Fast forward to today, his subsequent arrest(again) has made headlines. Someone turned in yet another damning video. But it was the docuseries, “Surviving R. Kelly“, that had everyone listening and talking. Not only did Robert’s victims come out and tell their stories, but people all over this country started coming from behind their walls of secrecy to tell their own stories on social media and out loud, as victims of incest, molestation and abuse by people closest to them; people they trusted, people who were supposed to protect them. All perpetrators of a different name. It struck a nerve with me. I was all too familiar with the experience, the shame and the pain.

Aliyah was 14 when Robert took her in under his black cape and made her believe that “age ain’t nothing but a number”. He sexed her up, messed up her mind, and married her (albeit temporarily) on a whim. She was fifteen and he was twenty-seven. She wanted to be a singer and the story says that she and her family sought him for guidance in the music business. Instead, he gave her the business. He stole her innocence and the rosiness from her young cheeks. He was the adult in the room. He had the duty to guide and protect her to help her become greater. He took advantage of her instead.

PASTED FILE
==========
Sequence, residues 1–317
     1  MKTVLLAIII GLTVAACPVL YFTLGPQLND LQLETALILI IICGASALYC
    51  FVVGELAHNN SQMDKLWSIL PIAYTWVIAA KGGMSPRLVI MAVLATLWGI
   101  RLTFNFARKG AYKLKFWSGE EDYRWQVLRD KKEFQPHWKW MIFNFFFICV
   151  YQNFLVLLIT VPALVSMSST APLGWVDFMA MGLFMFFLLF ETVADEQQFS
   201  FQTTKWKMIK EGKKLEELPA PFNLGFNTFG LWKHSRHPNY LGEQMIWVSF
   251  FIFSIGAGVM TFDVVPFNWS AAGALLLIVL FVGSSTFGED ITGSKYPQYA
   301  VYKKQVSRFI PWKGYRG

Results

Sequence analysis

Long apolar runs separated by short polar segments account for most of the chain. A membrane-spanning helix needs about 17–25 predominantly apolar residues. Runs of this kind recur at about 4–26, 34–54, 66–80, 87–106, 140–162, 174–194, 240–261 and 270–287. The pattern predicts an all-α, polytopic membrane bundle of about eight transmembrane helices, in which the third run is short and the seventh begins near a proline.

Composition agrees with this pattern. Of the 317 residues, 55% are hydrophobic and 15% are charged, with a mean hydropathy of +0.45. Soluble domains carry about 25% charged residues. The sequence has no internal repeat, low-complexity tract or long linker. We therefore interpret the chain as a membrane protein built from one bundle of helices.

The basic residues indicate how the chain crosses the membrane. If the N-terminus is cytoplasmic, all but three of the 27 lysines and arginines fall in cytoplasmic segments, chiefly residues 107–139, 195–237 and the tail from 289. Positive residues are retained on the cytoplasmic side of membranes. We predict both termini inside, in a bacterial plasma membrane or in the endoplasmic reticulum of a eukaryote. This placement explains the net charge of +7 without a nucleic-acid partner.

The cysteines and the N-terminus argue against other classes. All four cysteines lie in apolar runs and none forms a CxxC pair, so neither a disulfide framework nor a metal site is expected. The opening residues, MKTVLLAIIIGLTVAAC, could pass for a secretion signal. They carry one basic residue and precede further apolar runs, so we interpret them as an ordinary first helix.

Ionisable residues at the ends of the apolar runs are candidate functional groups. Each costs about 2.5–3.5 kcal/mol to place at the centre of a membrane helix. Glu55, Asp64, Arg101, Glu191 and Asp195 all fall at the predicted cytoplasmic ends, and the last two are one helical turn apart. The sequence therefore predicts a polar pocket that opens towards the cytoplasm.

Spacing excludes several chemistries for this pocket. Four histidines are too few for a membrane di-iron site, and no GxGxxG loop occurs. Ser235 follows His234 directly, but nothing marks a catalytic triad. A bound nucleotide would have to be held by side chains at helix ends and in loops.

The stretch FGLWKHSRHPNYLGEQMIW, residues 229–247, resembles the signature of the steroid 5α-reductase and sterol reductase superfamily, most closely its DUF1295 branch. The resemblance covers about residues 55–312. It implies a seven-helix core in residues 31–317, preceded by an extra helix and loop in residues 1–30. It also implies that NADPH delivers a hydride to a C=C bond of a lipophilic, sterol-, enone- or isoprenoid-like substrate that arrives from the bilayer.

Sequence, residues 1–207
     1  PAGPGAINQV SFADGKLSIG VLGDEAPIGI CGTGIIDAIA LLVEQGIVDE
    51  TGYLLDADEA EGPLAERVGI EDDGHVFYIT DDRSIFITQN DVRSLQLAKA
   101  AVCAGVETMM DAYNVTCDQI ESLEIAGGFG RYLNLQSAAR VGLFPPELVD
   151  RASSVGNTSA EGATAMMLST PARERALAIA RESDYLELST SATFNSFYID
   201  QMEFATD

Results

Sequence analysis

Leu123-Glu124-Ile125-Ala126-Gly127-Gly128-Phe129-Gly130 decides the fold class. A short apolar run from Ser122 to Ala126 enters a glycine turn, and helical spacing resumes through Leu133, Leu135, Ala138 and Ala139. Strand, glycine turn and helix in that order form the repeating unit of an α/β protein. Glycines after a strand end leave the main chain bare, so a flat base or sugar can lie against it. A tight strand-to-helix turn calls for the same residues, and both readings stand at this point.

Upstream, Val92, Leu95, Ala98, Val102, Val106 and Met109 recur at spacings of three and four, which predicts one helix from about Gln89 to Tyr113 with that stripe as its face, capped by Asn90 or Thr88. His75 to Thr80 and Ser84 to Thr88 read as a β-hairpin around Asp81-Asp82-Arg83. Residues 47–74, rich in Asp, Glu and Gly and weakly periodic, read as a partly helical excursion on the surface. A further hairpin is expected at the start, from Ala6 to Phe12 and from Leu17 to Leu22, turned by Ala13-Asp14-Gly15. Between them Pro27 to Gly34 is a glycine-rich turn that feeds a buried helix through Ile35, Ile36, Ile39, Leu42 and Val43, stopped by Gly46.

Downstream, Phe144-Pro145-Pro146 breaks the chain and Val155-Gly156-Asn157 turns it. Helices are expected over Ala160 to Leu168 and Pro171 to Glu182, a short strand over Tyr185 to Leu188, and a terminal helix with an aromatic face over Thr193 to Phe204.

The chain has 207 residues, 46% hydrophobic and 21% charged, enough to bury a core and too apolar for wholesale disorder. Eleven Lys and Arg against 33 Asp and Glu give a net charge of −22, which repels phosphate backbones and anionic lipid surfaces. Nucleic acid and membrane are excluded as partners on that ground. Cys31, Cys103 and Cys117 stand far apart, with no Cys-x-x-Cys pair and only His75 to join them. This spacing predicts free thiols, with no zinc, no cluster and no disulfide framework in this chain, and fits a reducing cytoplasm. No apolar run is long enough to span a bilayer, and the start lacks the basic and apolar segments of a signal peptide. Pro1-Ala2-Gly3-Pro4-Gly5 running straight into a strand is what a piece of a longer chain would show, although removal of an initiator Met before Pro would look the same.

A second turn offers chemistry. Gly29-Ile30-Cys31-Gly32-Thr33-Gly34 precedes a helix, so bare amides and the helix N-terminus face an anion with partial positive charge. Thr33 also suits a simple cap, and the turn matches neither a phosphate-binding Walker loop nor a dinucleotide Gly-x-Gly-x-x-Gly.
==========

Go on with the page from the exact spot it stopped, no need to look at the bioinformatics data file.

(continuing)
How did we let this happen? How did all those grown people around him in his circle let it happen? More aptly, how did we let it continue? Are we that blind or just too numb to care? Are we so in love with his music, that we’ve decided the value of young girls and the cries of women don’t matter? If so, we are no different from Trump supporters who ignore facts, truth, his ignorance and evil deeds, and opt to blindly follow the man, no matter what.

But this isn’t just about R. Kelly. Pedophiles come in all races, sizes, socioeconomic backgrounds and names. They are in professions on every level. He lives in homes across America. He may go by the name of Walter (the friend of the family), uncle James, grandpa Joe, daddy Walters, Catholic Priest (pick a name), Pastor Long, cousin Rodney, step-brother Kevin and Elvis. He is in colleges, corporate America, sports, entertainment and churches(to name only a few). Yes, sadly, this happens to boys too, and it is equally horrific and damaging to any victim. This is about men and their need for power, control and sex. It is also about pedophilia. And it is about a lack of respect for girls and women, namely the vulnerable, poor and broken.

No, this isn’t just about R. Kelly. It is about men who are willing to break open a child’s body and mind prematurely; forever altering their physical wellbeing, their trust and sexual boundaries. It is about men who violate and kill the spirit of a woman or child to get a nut.